Monday, August 20, 2012


For those craving a departure from the usual summer movie fare, "Hope Springs" is a pretty good alternative. And for those wanting to see Meryl Streep's first role in which she acknowledges herself as a perfectly average older woman, this is it. Even in another romantic comedy, "It's Complicated," she had a youthful bounce. This is Streep's "The Bucket List," the one where Jack Nicholson and Morgan Freeman officially stamped themselves as senior citizen actors in 2007. Have no fear, however, as this is no "Bucket List." From director David Frankel ("The Devil Wears Prada"), Streep shines alongside fictional spouse Tommy Lee Jones in this realistic and touching look at a marriage stuck under the weight of time and without any spark left.

Within the confines of potentially stuffy material, Streep breathes life into Kay, a woman who too long ago became complacent in her 31-year marriage. She stopped seeking attention from her husband, Arnold (Tommy Lee Jones), who otherwise has become preoccupied with his job, meals and the golf channel. All intimacy is absent, as well, with them no longer kissing, touching or hugging, and even sleeping in separate beds in separate rooms. Their life has become an unchanging routine, and the movie begins right as Kay realizes she desperately wants change.

Kay signs them up for intensive couples counseling in the quaint, postcard-ready town of Great Hope Springs, Maine with marriage expert Dr. Feld (Steve Carrell). Rather than suggesting the idea to Arnold, Kay tells him she bought plane tickets and hopes he will board the flight with her. Of course Arnold doesn't take kindly to this idea. Not realizing there's anything that needs fixing, he figures why disrupt the peace. Huffing and scowling all the way, he reluctantly agrees to go. Tommy Lee Jones is really the one to watch here as he presents Arnold as a stubborn and angry man, giving a performance we never knew he could. While stern, he also shows vulnerability slowly revealing more layers to Arnold's stonewall exterior.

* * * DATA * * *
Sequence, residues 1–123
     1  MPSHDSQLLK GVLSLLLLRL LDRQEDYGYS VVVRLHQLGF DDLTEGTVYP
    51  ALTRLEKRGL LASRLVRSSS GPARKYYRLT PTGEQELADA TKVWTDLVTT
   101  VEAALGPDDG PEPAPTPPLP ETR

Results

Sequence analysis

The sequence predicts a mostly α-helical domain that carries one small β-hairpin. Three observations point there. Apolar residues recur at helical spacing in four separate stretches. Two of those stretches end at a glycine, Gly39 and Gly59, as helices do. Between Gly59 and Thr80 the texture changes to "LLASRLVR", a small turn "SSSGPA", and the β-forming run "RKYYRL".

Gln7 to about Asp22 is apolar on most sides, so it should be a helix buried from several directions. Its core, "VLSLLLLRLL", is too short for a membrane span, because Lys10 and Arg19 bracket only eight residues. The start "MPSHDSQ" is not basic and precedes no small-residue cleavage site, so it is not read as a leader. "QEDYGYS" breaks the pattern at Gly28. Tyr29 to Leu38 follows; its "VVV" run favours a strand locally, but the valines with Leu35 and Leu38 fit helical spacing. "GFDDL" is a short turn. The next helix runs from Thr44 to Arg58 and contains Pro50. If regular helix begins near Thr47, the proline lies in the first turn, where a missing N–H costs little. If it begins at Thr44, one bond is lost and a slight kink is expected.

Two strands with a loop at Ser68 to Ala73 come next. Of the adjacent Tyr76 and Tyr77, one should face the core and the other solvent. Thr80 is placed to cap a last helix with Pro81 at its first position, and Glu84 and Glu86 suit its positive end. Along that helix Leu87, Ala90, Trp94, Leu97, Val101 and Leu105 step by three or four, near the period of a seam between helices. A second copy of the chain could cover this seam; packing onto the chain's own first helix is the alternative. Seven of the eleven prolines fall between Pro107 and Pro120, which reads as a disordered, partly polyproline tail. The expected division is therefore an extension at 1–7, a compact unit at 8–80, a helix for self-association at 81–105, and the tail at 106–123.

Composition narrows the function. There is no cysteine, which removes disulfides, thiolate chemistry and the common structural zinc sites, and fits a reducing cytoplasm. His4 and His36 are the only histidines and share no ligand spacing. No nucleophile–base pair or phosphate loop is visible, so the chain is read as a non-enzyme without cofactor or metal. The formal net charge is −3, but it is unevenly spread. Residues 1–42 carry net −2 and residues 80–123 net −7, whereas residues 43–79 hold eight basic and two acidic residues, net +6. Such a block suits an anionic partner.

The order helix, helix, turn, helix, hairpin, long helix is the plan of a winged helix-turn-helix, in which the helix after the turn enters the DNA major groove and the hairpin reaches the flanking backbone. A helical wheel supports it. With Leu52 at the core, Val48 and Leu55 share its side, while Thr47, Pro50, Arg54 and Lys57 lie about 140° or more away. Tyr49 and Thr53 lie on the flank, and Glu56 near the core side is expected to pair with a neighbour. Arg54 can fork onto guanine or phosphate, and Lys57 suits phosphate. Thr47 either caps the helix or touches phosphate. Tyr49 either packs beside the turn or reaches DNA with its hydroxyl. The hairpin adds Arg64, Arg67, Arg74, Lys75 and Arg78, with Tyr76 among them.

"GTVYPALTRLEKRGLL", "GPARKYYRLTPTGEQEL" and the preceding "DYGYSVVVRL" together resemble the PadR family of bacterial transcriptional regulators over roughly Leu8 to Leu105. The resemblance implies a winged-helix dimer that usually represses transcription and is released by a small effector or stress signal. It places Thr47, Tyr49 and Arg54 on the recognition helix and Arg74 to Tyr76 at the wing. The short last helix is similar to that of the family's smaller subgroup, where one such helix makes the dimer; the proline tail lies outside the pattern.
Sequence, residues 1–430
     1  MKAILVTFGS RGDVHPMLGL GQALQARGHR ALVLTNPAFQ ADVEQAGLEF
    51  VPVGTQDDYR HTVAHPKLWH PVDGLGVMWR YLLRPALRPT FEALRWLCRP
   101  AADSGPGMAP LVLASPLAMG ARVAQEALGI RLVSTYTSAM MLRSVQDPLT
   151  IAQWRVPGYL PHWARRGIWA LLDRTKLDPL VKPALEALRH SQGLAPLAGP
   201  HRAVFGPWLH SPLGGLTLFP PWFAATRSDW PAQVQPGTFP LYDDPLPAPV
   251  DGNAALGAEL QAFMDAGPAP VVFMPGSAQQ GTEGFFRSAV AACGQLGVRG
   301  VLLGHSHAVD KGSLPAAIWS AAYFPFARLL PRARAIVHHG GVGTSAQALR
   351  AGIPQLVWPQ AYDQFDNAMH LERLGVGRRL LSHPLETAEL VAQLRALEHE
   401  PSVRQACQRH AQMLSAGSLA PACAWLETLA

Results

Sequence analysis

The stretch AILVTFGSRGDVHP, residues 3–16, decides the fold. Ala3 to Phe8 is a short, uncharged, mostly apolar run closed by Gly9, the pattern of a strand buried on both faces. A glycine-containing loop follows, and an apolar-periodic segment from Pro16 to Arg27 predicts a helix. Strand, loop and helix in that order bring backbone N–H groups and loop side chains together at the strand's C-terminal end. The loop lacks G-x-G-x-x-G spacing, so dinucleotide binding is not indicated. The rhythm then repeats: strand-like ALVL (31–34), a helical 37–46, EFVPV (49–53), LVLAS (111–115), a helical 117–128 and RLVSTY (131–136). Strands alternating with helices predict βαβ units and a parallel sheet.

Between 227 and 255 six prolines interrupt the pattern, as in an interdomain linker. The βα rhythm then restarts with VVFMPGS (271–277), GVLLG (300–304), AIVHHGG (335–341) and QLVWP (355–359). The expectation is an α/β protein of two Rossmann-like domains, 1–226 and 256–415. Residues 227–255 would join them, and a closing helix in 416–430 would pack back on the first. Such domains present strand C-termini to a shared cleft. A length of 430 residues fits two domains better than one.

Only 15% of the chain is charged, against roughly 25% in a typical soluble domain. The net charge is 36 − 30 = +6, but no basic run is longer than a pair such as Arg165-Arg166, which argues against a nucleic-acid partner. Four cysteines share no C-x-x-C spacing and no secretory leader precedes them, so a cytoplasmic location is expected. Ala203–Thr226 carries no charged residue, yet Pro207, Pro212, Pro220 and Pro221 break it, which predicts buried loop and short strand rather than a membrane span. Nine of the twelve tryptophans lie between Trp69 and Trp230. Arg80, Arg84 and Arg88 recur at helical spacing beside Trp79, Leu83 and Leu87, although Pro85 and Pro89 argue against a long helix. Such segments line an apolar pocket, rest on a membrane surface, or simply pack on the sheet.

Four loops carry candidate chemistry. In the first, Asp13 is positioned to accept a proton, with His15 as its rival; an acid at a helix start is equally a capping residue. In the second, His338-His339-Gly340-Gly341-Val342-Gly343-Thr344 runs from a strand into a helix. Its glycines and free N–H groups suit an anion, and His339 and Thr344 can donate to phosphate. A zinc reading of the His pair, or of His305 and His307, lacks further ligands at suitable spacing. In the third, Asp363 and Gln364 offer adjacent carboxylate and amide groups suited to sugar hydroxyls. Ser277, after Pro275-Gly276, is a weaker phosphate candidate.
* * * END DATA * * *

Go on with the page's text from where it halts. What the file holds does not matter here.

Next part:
Majority of the running time is spent inside Dr. Feld's office where Steve Carrell plays the compassionate counselor perfectly straight, no trace of comedy. With Carrell providing zero of the movie's humor (which stems from Streep and Jones only), he does two things. He gives Kay and Arnold the platform to sort through their issues for not only them but the audience, as well. With them both so visibly uncomfortable talking about their sex life, we begin to see how their marriage slumped into its current state. The screenplay from Vanessa Taylor is sharp in these instances but can also feel claustrophobic and sluggish at times. The other thing Carrell does is show a possible turning point for his career post-"Office" days.

"Hope Springs" is just three characters the whole time with only a glimpse into Kay and Arnold's family and outside life. Interaction with more people and a slightly larger scope would've given the movie more stretching room and made it feel less slight. Worth watching, though, is Streep and Jones, especially during a charming and hilarious movie theater scene where the couple tries something way outside their comfort zone. What's more is that this isn't just about a 20-plus year marriage crisis -- it's more universal and through the outlet of this couple reaches to themes about seemingly small problems in life that can grow to something more painful and permanent.

1 comment:

  1. Really nice review, thank you! I was hoping to see this in theaters but missed the chance. It's something I'll look forward to on dvd. :)